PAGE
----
That after June Ist no tickets shall be re
eelved or accredited upon any lines represent
ed in tins Convention which are not sold In
the offices of the railroad companies upon
their respective lines, or in offices to be estab
lished, andtbat tickets sold by other line?,
through commission, agents or otherwise, in
violation of principles, the agreement shall
not be accredited or received oy roads parties
to this agreement, and that all tickets in
hands of ontside agents at freight,•‘hotels, ex
press offices, or elsewhere, shall be withdrawn
before the above date.
Other recommendations were passed, bat
the foregoing touch the principal objects ol
the meeting, which adjourned this afternoon.
The proceedings were very bormonlous.
rival of tbo Steamer Edinburg.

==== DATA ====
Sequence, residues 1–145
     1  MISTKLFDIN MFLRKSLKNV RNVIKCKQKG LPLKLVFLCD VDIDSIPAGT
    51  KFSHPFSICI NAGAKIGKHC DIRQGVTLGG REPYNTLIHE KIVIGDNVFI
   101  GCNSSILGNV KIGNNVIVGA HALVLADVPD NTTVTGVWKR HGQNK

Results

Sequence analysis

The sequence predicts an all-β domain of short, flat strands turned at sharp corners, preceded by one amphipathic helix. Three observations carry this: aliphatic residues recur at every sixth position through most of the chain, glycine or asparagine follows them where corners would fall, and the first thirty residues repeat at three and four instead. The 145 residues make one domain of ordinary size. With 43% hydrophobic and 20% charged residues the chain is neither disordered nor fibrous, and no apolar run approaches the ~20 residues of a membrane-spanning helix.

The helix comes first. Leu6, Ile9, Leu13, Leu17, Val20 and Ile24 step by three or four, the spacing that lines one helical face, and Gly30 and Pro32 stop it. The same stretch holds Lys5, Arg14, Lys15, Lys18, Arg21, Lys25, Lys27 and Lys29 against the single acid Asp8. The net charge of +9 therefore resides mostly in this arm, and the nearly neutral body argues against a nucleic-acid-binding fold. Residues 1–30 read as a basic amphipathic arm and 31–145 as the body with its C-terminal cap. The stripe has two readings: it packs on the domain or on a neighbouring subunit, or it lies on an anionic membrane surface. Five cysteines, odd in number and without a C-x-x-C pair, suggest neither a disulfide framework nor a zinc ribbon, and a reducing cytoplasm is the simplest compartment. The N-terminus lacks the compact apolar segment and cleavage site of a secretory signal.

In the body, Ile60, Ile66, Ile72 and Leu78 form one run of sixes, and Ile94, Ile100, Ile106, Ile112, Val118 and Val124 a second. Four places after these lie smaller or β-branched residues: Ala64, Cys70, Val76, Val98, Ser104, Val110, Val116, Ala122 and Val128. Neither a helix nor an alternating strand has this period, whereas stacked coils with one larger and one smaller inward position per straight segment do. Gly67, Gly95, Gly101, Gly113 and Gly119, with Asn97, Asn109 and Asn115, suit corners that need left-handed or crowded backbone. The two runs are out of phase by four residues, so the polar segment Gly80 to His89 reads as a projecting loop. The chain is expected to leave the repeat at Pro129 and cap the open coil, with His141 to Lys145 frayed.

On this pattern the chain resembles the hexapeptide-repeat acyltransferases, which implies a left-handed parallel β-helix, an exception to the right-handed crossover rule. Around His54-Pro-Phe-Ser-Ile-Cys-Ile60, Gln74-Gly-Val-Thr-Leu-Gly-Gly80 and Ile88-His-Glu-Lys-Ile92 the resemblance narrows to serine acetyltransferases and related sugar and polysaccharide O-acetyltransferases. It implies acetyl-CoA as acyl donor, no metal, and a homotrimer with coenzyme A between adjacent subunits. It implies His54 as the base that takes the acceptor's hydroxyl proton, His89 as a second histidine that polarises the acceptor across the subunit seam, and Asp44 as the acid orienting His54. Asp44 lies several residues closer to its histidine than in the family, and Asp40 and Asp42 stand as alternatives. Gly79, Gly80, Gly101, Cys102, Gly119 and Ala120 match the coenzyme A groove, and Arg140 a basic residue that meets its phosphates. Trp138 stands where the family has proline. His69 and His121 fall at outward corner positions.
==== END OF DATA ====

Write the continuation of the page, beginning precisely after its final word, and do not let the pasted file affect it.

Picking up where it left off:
New Tons, April 29.—The Edinburg, from
Liverpool on the loth, and Queenstown on ihe
ICth, arrived at S o'clock this evening.
Additional correspondence between Lord
John Russell and Minister Adams, relative
to thc’blockade running, is published—dated
a year bock—but contains nothing of mo
The rebel scrip was quoted, on the!6th,-at
7-Bal 1-S premium.
The heal Constable of Liverpool, under In l
structions from the Government, is employ
ing detectives to obtain information relative
to suspicions vessels* and to watch the move
ments of leading rebels. So* the Tims* says,
A Cracrow dispatch of the 15tb states that
several fresh bands of Polish insurgents had
been seen in the district of Sandomier. In a
large engagement near Snwalki, the Prussians
lost 200 killed and seven cannon.
Farther Federal Successes Reported.
New Tore, April 20.—The steamer Empire
City, from New Orleans ou the 20th, via Key
West 24th, has arrived.
Captain Barter reports that Gen. Banks has